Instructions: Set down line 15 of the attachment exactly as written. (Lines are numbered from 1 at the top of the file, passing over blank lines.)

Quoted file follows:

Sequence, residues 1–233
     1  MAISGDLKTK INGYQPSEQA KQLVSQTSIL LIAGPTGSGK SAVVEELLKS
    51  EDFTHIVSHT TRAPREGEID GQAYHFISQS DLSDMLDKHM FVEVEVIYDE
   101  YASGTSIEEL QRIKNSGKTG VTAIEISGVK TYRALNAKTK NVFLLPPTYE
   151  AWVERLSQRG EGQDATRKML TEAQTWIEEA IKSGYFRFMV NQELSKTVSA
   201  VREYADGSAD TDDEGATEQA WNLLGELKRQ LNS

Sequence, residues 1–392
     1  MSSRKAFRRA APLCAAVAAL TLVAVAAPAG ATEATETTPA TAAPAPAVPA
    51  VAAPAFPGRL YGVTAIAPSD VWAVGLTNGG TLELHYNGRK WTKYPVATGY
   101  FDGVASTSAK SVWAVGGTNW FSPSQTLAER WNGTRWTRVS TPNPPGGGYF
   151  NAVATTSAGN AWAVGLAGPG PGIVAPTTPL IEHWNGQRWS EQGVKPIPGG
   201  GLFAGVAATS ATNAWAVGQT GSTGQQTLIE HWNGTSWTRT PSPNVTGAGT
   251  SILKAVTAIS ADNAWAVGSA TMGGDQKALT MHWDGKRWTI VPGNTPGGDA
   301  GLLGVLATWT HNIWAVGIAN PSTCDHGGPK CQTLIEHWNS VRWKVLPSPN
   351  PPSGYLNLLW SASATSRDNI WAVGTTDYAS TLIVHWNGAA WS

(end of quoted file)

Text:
   351  PPSGYLNLLW SASATSRDNI WAVGTTDYAS TLIVHWNGAA WS